Nerd Alert! My favourite g33k-buddies (Carl Dimsos and Gus the Friendly Giant) and I are at it again! For a while, we've been discussing ways to interact with Max in a fast and precise way. The project is going to be a controller in a suitcase, armed with an Atmega-chip and a MUX-shield which allows us to have 48 analog inputs speaking with the arduino! This will give us a 10-bit resolution on all analog readings which is suitable for controlling audio parameters in Max. I want to have a lot of different and expressive sensors and knobs n butts for varying the input voltages.
So far I have whole lot of scrap parts from old helicopter remote controls and sensors sensing touch, distance, humidity, light intensity, gyroscopic motion and a lot more.
I've also disassembled two flight simulator joysticks with their own respective D/A-converters, which gives me 7 more analog inputs with 16-bit resolution!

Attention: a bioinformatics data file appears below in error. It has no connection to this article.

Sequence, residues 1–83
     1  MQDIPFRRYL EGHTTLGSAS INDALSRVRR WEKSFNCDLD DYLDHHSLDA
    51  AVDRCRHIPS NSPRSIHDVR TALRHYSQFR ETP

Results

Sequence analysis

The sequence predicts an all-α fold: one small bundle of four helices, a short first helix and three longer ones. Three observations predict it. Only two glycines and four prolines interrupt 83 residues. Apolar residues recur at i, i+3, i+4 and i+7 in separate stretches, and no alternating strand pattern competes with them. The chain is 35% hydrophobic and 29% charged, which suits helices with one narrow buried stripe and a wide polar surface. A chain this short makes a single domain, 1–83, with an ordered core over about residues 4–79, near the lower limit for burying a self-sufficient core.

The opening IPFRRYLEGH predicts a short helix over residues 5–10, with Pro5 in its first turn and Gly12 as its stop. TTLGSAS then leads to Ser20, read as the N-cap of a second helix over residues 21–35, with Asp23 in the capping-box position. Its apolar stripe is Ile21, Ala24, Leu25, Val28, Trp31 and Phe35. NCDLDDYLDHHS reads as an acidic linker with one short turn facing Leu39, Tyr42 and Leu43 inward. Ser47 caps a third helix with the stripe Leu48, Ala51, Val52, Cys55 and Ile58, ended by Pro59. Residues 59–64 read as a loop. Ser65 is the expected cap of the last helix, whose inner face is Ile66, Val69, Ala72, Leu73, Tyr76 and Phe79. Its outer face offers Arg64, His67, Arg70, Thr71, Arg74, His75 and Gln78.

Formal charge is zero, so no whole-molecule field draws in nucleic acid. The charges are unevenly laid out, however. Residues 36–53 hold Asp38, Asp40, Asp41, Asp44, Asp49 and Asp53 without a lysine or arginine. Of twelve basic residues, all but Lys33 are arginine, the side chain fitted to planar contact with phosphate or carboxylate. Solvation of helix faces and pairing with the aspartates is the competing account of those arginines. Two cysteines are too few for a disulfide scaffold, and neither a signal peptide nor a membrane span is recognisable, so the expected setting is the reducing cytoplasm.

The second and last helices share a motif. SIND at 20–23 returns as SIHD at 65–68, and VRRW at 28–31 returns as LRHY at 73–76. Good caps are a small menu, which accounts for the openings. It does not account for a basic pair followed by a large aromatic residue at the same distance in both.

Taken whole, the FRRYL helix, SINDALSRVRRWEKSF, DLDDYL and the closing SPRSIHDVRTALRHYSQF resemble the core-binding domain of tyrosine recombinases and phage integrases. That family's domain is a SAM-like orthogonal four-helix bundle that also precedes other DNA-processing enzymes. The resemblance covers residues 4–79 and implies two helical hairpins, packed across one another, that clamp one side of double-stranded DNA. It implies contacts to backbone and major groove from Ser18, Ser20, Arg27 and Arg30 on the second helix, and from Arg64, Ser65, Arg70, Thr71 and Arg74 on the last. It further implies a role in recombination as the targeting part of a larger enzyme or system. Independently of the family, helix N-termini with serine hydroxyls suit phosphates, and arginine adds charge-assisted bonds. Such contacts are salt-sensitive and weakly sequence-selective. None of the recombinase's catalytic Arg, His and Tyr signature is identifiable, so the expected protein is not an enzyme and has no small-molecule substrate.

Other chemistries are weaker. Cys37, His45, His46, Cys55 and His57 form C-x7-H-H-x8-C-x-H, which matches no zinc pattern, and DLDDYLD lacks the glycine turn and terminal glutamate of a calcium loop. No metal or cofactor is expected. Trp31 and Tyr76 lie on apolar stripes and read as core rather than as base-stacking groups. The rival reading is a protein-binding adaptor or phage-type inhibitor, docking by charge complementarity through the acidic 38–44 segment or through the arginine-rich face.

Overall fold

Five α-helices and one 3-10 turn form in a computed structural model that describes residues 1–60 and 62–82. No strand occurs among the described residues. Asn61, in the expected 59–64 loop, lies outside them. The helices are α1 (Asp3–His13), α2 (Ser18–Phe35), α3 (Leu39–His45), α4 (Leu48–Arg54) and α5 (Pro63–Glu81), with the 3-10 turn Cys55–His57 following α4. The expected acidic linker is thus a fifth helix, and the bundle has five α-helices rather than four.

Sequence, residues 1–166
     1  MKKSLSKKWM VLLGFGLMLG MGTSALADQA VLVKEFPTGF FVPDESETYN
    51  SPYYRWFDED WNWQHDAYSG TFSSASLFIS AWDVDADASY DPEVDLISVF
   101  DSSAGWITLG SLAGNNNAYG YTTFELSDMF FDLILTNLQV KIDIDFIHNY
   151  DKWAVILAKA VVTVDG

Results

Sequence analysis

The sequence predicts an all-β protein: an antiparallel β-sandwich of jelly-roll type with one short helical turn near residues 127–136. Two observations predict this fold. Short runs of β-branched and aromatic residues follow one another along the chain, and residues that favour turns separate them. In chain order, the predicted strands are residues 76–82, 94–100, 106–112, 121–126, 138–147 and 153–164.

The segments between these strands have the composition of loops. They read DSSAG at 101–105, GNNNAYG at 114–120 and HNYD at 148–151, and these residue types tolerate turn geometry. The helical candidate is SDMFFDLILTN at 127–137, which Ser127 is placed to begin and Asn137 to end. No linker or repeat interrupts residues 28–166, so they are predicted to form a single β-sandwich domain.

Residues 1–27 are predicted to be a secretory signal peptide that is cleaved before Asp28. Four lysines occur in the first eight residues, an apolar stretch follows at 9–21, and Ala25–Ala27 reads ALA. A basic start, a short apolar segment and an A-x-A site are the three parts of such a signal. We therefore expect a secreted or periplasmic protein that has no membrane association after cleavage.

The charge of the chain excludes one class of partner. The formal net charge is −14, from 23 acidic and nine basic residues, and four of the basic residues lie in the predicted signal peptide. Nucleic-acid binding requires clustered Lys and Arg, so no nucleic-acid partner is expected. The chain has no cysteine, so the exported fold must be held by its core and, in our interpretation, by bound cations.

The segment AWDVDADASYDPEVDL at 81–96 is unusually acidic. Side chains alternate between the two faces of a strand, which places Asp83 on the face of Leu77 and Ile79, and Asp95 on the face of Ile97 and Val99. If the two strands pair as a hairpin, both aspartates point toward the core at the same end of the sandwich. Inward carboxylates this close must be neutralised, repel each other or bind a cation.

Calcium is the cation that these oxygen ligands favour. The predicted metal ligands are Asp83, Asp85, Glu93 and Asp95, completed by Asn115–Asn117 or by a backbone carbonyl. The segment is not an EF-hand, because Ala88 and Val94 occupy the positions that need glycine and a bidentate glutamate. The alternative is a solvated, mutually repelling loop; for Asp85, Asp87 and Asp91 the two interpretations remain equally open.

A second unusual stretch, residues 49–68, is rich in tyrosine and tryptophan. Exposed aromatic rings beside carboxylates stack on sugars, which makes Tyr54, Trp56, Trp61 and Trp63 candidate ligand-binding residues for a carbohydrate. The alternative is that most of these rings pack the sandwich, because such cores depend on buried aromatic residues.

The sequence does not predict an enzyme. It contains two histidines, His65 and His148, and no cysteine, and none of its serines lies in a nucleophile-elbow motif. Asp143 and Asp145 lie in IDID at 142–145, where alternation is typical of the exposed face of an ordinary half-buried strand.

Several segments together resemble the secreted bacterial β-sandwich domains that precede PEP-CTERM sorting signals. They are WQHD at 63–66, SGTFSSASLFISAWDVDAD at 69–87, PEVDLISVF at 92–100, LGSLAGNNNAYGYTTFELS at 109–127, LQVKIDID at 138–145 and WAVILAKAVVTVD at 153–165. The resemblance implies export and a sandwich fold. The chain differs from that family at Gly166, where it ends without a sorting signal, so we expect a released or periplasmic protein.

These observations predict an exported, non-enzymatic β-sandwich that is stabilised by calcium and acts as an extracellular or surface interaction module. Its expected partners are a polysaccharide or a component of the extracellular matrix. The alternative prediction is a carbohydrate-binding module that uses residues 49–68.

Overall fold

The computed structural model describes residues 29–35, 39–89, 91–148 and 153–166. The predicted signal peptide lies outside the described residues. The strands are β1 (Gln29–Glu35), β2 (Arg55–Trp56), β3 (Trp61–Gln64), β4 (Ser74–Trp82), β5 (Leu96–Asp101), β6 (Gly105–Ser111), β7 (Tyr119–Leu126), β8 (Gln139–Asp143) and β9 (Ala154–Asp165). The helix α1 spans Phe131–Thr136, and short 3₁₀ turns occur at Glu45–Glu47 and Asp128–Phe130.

I decided to have this project be a classical aim for those who's spent decades creating music in front of a computer monitor: to have the laptop lid closed and have all the paramters transfered to the controller.
For receiving feedback from Max I am going to use a 16x2 LCD display, as seen on The MicroWaveSampler (another arduino project done with Dimsos) for getting the values from the inputs and the max-paramter assigned to it. But I wanted to be able to see a little bit more of what's going on inside so I found an arduino project called Chibimo which allows the user to have a 128x64 display as an external monitor. (only winXP, sorry)
I've already tested it out, narrowing my patches way down to 128 pixels wide to have it fit on the little screen. I will use a usb-numpad to skip around in the patch to show different parts on the LCD monitor. More to come! Stay tuned and thanks for following guys.